Reuters/Lucy Nicholson Big win for Bank of America. See Also Bank of America’s day of reckoning is here One of the biggest pension funds in the US is going after Bank of America CEO Brian Moynihan Bank of America is so desperate to win a potentially embarrassing vote that it’s lobbying tiny shareholders It looks like Bank of America CEO Brian Moynihan gets to keep his “chairman” title.
It looks like Bank of America CEO Brian Moynihan gets to keep his “chairman” title.
Shareholders made the decision on Tuesday in a Charlotte, North Carolina, vote.
According to preliminary results, 63% of voters were in favor.
Why were shareholders voting on Moynihan’s position?
Last October, the bank moved to consolidate executive leadership by handing the CEO the additional title of chairman of the board.
The problem? They did not consult shareholders first.
They also undid a 2009 shareholder vote to split the roles.
It rankled shareholders, stock analysts, and corporate-governance specialists.
Tuesday’s vote follows months of speculation and campaigning on both sides.
As Business Insider reported on Friday, Bank of America had been lobbying shareholders who own as few as 500 shares in the hopes of winning their votes.
CSLA bank analyst Mike Mayo had been one of the most vocal participants in the debate, repeatedly telling shareholders to fight the bank’s move to consolidate.
Shareholder advisory firms Glass Lewis and ISS, and the California State Teachers’ Retirement System also lobbied shareholders to vote against the proposal.
Moynihan did have his plaudits however, including billionaire investor Warren Buffett.
REUTERS/James Lawler DugganWarren Buffett and Brian Moynihan.
The Oracle of Omaha, according to a representative for Berkshire, was “100% in support of Mr. Moynihan and believes he is doing an outstanding job for Bank of America shareholders.”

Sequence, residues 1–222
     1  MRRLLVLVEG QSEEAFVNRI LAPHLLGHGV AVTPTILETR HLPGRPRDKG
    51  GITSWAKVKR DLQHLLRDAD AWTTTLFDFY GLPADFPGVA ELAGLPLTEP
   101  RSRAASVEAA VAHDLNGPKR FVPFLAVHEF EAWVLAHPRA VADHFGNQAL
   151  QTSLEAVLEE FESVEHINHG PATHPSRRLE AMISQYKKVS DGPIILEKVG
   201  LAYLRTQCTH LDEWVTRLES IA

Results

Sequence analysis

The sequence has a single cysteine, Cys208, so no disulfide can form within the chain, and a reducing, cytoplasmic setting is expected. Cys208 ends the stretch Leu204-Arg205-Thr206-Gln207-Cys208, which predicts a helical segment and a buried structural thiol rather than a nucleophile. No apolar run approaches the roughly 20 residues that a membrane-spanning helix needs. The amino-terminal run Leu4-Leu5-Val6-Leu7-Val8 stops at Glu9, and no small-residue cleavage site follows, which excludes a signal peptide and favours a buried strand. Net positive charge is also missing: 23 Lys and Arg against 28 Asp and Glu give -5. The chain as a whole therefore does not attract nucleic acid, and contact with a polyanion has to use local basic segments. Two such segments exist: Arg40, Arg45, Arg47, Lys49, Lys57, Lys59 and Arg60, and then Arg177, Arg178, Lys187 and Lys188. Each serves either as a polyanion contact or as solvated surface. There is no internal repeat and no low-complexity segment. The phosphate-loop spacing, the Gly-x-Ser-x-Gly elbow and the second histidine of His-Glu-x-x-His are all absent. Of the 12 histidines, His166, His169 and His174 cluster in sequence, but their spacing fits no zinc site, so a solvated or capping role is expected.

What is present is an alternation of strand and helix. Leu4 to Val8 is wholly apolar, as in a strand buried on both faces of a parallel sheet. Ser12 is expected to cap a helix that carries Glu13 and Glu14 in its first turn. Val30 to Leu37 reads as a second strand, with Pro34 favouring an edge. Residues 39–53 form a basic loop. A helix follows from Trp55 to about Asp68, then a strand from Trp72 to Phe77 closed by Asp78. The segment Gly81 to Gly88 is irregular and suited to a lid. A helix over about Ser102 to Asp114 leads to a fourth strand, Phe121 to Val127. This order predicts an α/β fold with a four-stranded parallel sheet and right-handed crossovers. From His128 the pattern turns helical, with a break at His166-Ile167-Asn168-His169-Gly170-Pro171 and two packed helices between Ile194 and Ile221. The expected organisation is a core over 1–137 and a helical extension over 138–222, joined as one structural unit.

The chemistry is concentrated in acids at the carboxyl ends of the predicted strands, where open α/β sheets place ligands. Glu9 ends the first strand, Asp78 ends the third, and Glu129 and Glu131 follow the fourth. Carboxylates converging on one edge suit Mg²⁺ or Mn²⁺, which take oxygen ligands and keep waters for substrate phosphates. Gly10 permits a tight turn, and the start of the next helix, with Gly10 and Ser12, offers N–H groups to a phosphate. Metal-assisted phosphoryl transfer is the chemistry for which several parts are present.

“When he took over as CEO, he was handed one of the toughest jobs in the history of American banking,” Buffett said.
Bank of America, meanwhile, said it saw the push as a step toward aligning itself with marketplace standards, and not as a deviation from sensible governance.
Goldman Sach’s Lloyd Blankfein, JPMorgan’s Jamie Dimon, and Morgan Stanley’s James Gorman all hold both CEO and chairman titles at their respective banks.
Ken Lewis was Bank of America’s CEO and chairman in 2009 when shareholders voted to separate the positions.
REUTERS / Bobby YipBrian Moynihan.
Here’s a spokesperson for Bank of America:
The board believes that having the same flexibility on board leadership that 97 percent of the S&P 500 now have, while still providing strong independent oversight, is in the best interest of stockholders.
No company has dug out deeper since the financial crisis, turned back to health with solid earnings, and has accumulated record levels of capital and liquidity – also to the benefit of our shareholders. The board respectfully recognizes that stockholders hold varying views on this matter, which is why the board committed to putting it to a vote.
Article originally posted in Business Insider website.